How To Grow Pea Shoots – Breaking Most Of My Rules

How to Grow Pea Shoots or Pea Microgreens

Pea shoots, not to be confused with pea sprouts (sprouts are grown in water) are very popular and this isn't surprising if you've tasted them.

These curly green tendrils when chopped up add that just picked from the garden freshness to salads or any other dish. Imagine the taste of fresh shelled peas without going through the tedious task of removing them from the pod.

Pea shoots, or microgreens, are easy to grow (once you know a couple of tricks) and often you get more than one harvest from a tray! 

Let me show you the best method we've found to grow these beautiful tasting pea microgreens. Click on any image to expand it.

how to grow pea shoots or pea microgreens

The Best Method to Grow Pea Shoots or Microgreens

We had to break a lot of our microgreen growing rules to find this method. If you've read our other how to grow microgreen articles, you know that we've found that soaking and covering seeds with soil are not necessary.

But because pea seeds are planted tight together, and the roots have the tendency to lift the plants out of the tray, we had to modify our methods. 

If you'd rather watch how to grow pea shoots, we've created a video showing exactly how we start, grow, and harvest pea microgreens. You can play the video, and then see better images and a more in-depth explanation of the process in the article below the video.

Our Method to Grow Pea Shoots

We grow pea microgreens differently than other microgreens.

That isn't to say other methods won't work, because they do, even for us. However, after many trials, we found that the following steps and process produced the best pea shoot microgreens over and over again.

Growing Pea Shoots - Step 1

Soak the appropriate amount of pea seeds in non-chlorinated water for between 6- and 12-hours. Soaking for longer is okay if time gets away from you, but don't go longer than 24-hours as the peas will start to sprout and the radicle many get damaged when planted.

Soaking for less time will work. However, the seeds will germinate at different times, and this can cause problems.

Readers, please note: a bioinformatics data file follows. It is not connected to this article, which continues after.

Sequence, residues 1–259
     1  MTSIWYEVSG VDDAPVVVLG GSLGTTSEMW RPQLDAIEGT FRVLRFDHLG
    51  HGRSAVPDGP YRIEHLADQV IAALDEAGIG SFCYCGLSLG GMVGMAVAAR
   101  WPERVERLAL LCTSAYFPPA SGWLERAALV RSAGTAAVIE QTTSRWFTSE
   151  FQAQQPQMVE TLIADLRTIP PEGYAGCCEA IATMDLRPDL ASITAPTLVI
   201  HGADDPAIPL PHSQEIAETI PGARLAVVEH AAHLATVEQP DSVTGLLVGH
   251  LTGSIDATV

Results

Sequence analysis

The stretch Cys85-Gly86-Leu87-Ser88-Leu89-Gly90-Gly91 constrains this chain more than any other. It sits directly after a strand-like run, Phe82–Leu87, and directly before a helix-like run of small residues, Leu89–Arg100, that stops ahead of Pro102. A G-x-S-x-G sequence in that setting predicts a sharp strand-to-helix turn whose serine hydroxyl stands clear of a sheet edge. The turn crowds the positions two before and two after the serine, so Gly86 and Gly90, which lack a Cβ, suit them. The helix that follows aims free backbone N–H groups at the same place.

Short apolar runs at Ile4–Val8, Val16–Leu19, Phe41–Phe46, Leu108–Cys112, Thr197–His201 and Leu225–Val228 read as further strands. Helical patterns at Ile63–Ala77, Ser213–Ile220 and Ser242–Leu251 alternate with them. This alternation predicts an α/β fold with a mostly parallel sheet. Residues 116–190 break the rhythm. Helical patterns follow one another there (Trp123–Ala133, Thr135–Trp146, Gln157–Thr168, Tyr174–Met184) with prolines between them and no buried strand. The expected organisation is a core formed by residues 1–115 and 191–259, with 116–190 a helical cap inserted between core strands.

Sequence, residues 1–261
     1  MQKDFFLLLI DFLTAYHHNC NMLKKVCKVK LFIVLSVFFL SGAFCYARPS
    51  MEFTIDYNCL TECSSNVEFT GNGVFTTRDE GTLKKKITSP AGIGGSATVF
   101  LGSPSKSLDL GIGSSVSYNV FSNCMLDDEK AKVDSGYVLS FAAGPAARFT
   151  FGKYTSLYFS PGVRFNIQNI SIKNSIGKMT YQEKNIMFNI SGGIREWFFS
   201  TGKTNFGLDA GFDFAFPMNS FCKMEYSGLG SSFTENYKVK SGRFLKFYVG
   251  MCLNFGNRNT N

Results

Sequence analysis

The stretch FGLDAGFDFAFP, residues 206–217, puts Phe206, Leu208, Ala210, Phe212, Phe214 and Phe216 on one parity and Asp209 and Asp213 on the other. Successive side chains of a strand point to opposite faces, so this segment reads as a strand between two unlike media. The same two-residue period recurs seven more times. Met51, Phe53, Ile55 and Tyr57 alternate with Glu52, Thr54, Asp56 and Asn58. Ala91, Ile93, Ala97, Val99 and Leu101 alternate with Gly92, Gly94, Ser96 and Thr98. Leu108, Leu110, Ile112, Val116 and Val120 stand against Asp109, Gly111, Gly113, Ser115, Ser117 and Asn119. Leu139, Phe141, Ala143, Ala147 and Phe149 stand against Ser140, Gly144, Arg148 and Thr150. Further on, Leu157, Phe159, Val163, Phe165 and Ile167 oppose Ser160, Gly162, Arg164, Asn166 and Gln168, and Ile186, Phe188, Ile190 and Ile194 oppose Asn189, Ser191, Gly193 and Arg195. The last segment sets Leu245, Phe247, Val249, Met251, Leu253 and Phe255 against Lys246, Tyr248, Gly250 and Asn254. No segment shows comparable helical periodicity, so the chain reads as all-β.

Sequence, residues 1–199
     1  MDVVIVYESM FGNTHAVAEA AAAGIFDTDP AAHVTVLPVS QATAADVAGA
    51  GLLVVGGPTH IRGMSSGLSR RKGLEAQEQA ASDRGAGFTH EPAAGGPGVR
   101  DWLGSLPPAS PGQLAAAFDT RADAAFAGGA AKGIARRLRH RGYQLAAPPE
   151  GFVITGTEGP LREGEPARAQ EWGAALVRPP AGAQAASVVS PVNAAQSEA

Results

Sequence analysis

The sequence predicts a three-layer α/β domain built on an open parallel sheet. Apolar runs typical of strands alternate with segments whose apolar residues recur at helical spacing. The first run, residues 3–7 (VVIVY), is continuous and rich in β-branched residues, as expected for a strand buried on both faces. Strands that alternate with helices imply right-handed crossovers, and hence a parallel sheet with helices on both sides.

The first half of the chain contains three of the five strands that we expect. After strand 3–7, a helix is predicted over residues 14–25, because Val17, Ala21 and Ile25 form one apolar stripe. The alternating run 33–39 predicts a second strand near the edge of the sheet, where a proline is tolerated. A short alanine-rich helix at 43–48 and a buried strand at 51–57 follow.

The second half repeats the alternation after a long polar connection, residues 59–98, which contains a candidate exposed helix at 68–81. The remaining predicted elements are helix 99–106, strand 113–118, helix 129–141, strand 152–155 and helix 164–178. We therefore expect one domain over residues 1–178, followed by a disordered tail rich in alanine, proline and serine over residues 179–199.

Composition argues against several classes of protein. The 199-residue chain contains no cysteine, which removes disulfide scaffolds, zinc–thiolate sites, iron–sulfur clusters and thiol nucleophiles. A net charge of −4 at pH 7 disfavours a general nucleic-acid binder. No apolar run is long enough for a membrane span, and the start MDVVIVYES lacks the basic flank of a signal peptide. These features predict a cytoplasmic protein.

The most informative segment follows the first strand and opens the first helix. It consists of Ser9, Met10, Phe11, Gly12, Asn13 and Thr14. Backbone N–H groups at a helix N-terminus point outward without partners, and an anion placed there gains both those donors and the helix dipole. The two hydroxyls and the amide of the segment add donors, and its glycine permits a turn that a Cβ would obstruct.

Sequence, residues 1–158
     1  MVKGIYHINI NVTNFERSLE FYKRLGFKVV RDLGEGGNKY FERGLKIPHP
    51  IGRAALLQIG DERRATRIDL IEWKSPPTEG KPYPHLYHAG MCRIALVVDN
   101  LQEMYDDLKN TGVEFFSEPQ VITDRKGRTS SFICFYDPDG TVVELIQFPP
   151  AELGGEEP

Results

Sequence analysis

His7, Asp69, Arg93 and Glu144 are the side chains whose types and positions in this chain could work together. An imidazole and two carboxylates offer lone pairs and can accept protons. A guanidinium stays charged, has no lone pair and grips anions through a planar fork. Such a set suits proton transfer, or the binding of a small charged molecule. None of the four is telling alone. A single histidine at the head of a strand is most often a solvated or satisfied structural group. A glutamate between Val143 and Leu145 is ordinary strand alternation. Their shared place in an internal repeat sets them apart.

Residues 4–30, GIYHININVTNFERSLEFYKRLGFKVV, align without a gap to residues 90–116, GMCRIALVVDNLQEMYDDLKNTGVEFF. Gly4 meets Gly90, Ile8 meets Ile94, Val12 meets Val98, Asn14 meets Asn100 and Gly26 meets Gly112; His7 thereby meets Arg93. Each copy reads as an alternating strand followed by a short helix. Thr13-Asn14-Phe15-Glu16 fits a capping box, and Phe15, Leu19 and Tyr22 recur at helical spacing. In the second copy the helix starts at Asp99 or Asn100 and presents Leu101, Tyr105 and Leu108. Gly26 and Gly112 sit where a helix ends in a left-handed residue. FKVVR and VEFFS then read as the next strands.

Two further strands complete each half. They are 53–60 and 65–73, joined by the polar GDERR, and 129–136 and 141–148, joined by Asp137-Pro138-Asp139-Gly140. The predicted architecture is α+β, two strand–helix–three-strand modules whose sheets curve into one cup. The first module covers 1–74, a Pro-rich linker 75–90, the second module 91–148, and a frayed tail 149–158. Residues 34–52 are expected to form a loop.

soaking pea seed

How Much Pea Seed to Soak

Maybe this should be Step 0.5, but we need to tell you how many pea seeds to soak.

Our First Mistake!

The first time we grew peas, we knew that the tray surface had to be almost completely covered with seeds. 

Simple right, cover the bottom of a tray with seed, then put the seeds in water. Well, that was the first mistake because pea seeds swell when put into water. So when we planted the seeds we had way too many and had to put the extras in another tray.

Figuring Out the Right Amount of Seed

For you, this task is now simple!

Use the calculator in this post. Adjust the sliders to your tray's planting dimensions and scroll down to "peas," and this will get you close to the amount of pea seed to use for your trays.

Want to Know the Ideal Seeding Density?

Go to this article with an embedded easy to use microgreen seed calculator.

Hang On Though

If you're using a Home Microgreens Tray or a standard 5 by 5 or 10 by 10 tray, the Home Microgreens Store sells pre-weighed packages of pea seed!

We also sell pea seeds by the half and full-pound, so if you're using different size trays the calculator will show how much seed you need.

Growing Pea Shoots - Step 2

Fill your planting tray with a professional soil mix about half an inch from the top of the tray and level the surface.

If you're using the New Home Microgreens Tray, fill the planting tray up to the first ridge from the bottom. Slightly compact the soil and wet the top of the soil with a spray bottle. Don't soak all of the soil, only the upper surface.

soil for pea shoots

Growing Pea Shoots - Step 3

Using a strainer, dump out the soaking water and rinse the seeds with fresh non-chlorinated water.